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Op-Ed: Transparency is the answer on college admissions

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Opinion,Op-Eds,Shikha Dalmia

The Sixth Circuit Court of Appeals' ruling two weeks ago throwing out Michigan's ban on racial preferences in college admissions definitely deserves a place of honor in any top-10 list of judicial sophistries. But even if the Supreme Court reverses the ruling, universities will still find artful ways to promote their sham diversity. Instead of seeking more court intervention, defenders of colorblind campuses might serve their cause better by simply demanding more university transparency.

The Sixth Circuit has been trying to thwart Michigan's quest for race neutrality in government hiring and admissions ever since two lawsuits challenging the University of Michigan's admission practices made a stop in its chambers en route to the Supreme Court about a decade ago. The Supreme Court eventually outlawed the blatant racial double standard that the school's undergraduate program employed but allowed its law school's more individualized consideration of race. However, Michigan voters in 2006 amended the state constitution by a 58 to 42 percent margin barring all discrimination -- big or small -- by race, sex and national origin.

However, the Sixth Circuit has now ruled that Michigan's ban against discrimination is itself discriminatory. It violates the 14th Amendment's guarantee of equal protection because it leaves minorities who want racial preferences in admissions no option but to mount a counter-referendum. But students who want, say, their family connections or their socio-economic background considered can lobby the admissions committee or the university officials or the governing board. This puts a structural burden on the rights of minorities.

But the same might be said, points out Roger Clegg of the Center for Equal Opportunity, of a Ku Klux Klan member who wants a whites-only admissions policy. Would the court have qualms about placing a "structural burden" on his rights?

Michigan's attorney general is appealing the ruling to the Supreme Court. If the court's conservative majority sides with him and rules against the University of Texas' race-based admissions policies in a separate case, opponents of affirmative action believe that a new age of colorblind campuses will dawn in the country.

But that is a triumph of hope over experience.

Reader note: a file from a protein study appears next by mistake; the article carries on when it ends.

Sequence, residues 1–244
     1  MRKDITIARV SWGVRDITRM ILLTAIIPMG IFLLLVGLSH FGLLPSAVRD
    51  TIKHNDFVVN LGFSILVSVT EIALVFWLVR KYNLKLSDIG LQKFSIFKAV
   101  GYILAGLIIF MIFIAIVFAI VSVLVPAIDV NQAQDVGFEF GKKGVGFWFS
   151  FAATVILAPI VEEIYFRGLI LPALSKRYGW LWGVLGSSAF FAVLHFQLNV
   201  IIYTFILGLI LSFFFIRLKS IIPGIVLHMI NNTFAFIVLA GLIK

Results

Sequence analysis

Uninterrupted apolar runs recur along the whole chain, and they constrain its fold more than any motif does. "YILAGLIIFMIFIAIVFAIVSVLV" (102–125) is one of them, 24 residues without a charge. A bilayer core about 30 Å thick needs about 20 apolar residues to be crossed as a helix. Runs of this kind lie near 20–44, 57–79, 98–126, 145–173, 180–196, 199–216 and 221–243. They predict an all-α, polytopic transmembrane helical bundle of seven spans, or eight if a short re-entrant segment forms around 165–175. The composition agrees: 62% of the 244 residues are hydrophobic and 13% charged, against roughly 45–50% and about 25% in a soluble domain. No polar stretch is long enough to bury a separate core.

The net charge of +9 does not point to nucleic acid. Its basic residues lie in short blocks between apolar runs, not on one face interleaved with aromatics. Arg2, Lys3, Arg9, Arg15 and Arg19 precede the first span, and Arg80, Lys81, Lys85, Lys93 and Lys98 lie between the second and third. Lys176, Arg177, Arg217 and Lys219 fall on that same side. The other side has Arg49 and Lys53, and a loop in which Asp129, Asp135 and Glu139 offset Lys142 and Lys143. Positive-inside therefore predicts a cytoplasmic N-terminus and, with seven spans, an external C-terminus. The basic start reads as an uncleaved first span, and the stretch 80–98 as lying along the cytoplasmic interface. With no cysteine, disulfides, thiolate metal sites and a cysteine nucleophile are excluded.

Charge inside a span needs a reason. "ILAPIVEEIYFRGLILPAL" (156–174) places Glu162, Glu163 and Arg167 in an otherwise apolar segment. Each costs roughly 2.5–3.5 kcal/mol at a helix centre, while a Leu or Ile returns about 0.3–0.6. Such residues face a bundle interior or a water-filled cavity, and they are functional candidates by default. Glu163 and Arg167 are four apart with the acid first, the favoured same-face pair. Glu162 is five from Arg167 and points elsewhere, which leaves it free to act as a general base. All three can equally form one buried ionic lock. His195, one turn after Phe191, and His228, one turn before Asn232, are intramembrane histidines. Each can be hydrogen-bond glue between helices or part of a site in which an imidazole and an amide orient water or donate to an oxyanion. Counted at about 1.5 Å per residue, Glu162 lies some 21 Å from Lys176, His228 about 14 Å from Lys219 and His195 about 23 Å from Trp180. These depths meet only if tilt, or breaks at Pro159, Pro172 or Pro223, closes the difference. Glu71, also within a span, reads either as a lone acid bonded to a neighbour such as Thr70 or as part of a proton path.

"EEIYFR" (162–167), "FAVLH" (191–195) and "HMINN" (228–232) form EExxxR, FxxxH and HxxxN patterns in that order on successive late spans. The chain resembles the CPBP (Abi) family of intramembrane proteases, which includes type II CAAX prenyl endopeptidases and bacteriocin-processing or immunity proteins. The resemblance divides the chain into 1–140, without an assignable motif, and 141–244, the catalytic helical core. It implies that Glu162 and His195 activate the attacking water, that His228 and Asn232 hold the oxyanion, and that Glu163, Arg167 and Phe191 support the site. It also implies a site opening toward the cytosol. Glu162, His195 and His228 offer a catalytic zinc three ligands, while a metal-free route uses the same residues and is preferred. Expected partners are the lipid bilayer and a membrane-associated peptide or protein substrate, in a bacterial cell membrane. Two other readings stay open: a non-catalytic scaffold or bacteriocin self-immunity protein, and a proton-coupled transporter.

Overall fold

For starters, throwing out racial preferences that benefit minorities while leaving intact (as both Michigan and Texas do) alumni preferences that predominantly favor whites will not advance the cause of racial justice. Why? Because it will open minority seats to competition by whites but not white seats to competition by minorities.

Furthermore, regardless of what the court decides, neither private nor public universities will give up racial preferences: private universities because the rulings won't apply to them, and public universities because they will ignore the rulings.

This is not a hunch. This is what they've always done.

The University of Texas, for example, pioneered the so-called 10 percent solution for the explicit purpose of getting around the Fifth Circuit Court's ban on race. Under this solution, it automatically admits the top 10 percent of every school's graduating class, including inner-city schools, something that allows it to boost its minority numbers while pretending to be race-neutral.

The University of Michigan, meanwhile, has replaced race with its proxy, ZIP code, giving applicants from predominantly minority neighborhoods a leg up. The upshot is that, despite the ban, its minority numbers have barely budged, according to University of California, Los Angeles, law professor Rick Sander, who obtained the university's admissions data through a Freedom of Information Act request.

Forcing universities to give up such shenanigans would require constant scrutiny and legal challenges by watchdog groups that universities will easily outspend and outlawyer.

The best among bad options might be full-disclosure laws requiring universities that receive federal funding to reveal what admissions standards they use for which group -- minorities, alumni, athletes, donors -- along with their graduation rates. This will expose any admissions double standard whether toward minorities or rich white legacies, causing elite universities to risk their reputational appeal.

What's more, race-conscious admissions policies produce an unusually high dropout rate among minorities by placing them in overly challenging academic environments, Sander has found. Publicly available graduation rates will allow minority kids to pick colleges commensurate with their level of preparedness, preventing them from being set up for failure.

Universities are out of control, no doubt. But informed consumers might hem them in more effectively than court diktats.

Shikha Dalmia is a Reason Foundation senior policy analyst.

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Shikha Dalmia

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The Washington Examiner